I grew up in a world where Mom only locked the doors if we were going to be gone for more than one overnight. Dad left a spare key out where we could find it if we needed it – and that was to the business and the house.
I grew up in tiny villages (300 people) to small towns (5000 people) to a college town (18K – with all the students).
I didn’t start locking my car till my backpack was stolen freshman year of high school. Mostly I was pissed because I had a report in there that was completed and untyped and I had to redo it.
I didn’t grow up in a bubble – Dad was a mortician, a county coroner, death happened, it also paid the bills. Sitting at Dad’s desk meant risking seeing photos of “oh wow, that’s what happens when a Ford Probe meets a telephone pole …. daaaaaaamn.” Going to get him from “the back” sometimes came with the shock of realizing he was working on a tiny little person who wasn’t going to grow up.
I live in an Air Force town. War and fighting are relevant in the abstract. After 9/11, when the skies were quiet everywhere else, we had B2s flying east … and home again.
I did grow up without violence in my face – it belonged on tv and very rarely made it close to my life. I didn’t think about things like “tactical advantage“.
The first time I touched a gun was when I was dolled up for bridesmaid duty, I drunkly tossed my arm around the waist of my matching groomsman and my hand landed perfectly grasping the butt of his gun. As I did the sharp intake of breath, he said “smile” …. and I did. Brilliantly beautiful smile covering the OMGWTFBBQGUN reaction in my head.
After that, I started dating said groomsman. I learned about not wanting to have your back to a door, I got used to glowing nightsights in the dark of a bedroom, paperwork filed in triplicate in airports, having a meetup point if shit went south at a football game and we needed to beat a retreat.
It was a different way of thinking, I didn’t like it, I didn’t like looking at the world with eyes sweeping left to right and back again while being on the watch for crazy. I got used to it though. It was a way of life, and at the root of it was the knowledge that being aware meant we had each others’ back. Nothing bad was happening TO us if we could help it.
Now I am a good shot with a gun. Some guns. My accuracy varies widely. I know basics. Such as “always assume the gun is loaded and ready and treat it as such”, “only put your finger on the trigger if you intend to pull it”, “only aim it at something or someone you want a great big fucking hole in”.
Now I have to have conversations with my son about them. “See this? This is a gun, it is loud, it can put big holes in things and hurt people. If you want to see it, touch it, talk about it, you get an adult and we will explain to you anything you want to know. The gun sits on a shelf waaaaay up there where you can not reach it. Please do not try to get it alone – all you EVER have to do is ask and we will get it and teach you about it.” Calm conversation. Giving him facts he can understand, explaining safety, not creating fear, teaching respect.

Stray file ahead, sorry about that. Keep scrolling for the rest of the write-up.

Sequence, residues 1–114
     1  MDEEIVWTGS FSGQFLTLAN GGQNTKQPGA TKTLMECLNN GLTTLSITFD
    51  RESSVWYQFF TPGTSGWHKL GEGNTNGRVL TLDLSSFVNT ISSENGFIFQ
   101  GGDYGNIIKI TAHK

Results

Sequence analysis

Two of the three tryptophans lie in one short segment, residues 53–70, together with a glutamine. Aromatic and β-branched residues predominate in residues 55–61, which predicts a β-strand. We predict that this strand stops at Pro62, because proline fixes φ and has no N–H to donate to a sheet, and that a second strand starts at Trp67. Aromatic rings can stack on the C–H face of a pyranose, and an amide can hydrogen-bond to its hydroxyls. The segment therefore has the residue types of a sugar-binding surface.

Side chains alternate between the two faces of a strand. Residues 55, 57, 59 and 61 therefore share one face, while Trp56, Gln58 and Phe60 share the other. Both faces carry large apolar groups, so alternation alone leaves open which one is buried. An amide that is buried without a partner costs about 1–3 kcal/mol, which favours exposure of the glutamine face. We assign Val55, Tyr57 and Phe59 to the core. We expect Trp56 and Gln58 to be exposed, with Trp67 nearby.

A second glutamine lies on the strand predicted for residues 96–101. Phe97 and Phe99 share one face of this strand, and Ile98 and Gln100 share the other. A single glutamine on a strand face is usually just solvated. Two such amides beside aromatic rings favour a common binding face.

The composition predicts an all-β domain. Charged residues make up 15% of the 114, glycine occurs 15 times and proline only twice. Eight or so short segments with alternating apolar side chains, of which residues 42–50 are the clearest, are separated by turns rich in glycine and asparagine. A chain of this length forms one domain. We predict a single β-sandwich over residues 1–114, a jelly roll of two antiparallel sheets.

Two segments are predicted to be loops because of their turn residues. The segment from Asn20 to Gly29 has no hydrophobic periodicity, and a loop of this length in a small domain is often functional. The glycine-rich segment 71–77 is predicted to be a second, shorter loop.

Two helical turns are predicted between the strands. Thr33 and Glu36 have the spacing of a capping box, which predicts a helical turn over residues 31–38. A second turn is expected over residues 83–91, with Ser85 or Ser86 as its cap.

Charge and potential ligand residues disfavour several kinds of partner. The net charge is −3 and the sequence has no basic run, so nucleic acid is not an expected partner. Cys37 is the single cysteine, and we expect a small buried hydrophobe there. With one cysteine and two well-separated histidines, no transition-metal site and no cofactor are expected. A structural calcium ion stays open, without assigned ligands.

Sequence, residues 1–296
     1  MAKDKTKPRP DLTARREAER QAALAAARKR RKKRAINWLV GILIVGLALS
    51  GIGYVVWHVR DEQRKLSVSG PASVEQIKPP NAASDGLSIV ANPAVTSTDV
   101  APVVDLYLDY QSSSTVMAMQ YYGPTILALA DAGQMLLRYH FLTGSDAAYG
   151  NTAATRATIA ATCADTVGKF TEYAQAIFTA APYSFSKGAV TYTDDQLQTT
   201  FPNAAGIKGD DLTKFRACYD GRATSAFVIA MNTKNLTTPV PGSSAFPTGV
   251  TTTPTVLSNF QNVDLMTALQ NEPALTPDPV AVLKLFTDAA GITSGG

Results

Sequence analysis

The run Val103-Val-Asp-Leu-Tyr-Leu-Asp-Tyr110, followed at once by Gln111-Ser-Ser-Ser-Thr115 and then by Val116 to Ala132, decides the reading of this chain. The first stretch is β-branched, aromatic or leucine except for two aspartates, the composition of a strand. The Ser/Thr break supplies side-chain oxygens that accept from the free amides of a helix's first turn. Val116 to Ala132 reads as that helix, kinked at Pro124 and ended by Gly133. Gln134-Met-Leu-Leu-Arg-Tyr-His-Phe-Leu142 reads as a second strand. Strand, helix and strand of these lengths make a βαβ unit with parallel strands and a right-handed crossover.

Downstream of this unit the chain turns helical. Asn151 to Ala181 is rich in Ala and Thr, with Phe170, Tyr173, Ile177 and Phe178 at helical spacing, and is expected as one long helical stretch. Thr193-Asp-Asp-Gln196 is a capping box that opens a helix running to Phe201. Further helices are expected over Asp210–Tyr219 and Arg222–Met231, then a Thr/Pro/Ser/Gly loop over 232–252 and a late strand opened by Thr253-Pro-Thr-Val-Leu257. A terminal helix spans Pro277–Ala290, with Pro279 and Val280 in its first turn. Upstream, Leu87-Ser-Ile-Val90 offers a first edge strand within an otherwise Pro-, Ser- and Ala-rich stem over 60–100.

In a circumstance of an intruder in my home, I’m fairly certain my response will be getting to Alex and bailing us out his window and running like the wind, all thoughts of bang behind me. I’m okay with that. In my head, my priority is having Alex’s back and getting us away from danger.
M’love is a raging rabid 2nd amendment fan. He has an assortment of guns, including the currently target for the anti gun crowd – the AR15. People are making points that AR15s are only for killing people … lots of people … no need for civilians to have them – Others are screaming 2nd amendment! 2nd amendment! Give me my weapons!
Here’s the deal as I see it. Ready?
Where is the limit of what weapons we want in the hands of civilians? On a continuum of Slingshot to Nuclear Warhead – where is the line drawn? Seems a reasonable way to go about discussion. Provided people are reasonable about it.
Which brings me to my next point. Reasonable people.
I held an AR15 last month. Shot it. Several times. Never had the urge to whip it around and shoot anyone. (To be totally honest, M’love snickered at one point and I did consider pistol whipping him with it… but that is another discussion entirely).
That man in Colorado? Something was sprung in his head. Take away his guns and he would have used bombs, take away his fuses, he would have used a vehicle, take away his vehicle and he would have used tomatoes. Somewhere along the way, he decided that mass murder was a good idea. I’m pretty sure he didn’t have a friend there who looked at his outfit and said, “Hey man, enjoy the show tonight, let me know if Christian Bale is still using the gargling marbles voice.”
I bring it around to this. We all need someone watching our back. We need to feel connected to a person or people or community. We need to give a damn about someone and want the best for them, want to protect them. We also need people who are looking out for us. We need the girlfriend who says, “I’m not going in public with you in that outfit”. We need the conservative/liberal opposites like I have with Mommentator. We need to remind each other to not be sheep when listening to the charismatic voices on the radio. We need the person who reminds us we have value when we feel like the whole world has gone crazy and is against us.
I believe focusing on the weapons is a mistake, I believe focusing on the people and what happened to lead them to that very messed up place is a better use of our energy.
We need people to have our back. We need to invest in others and watch their backs as well.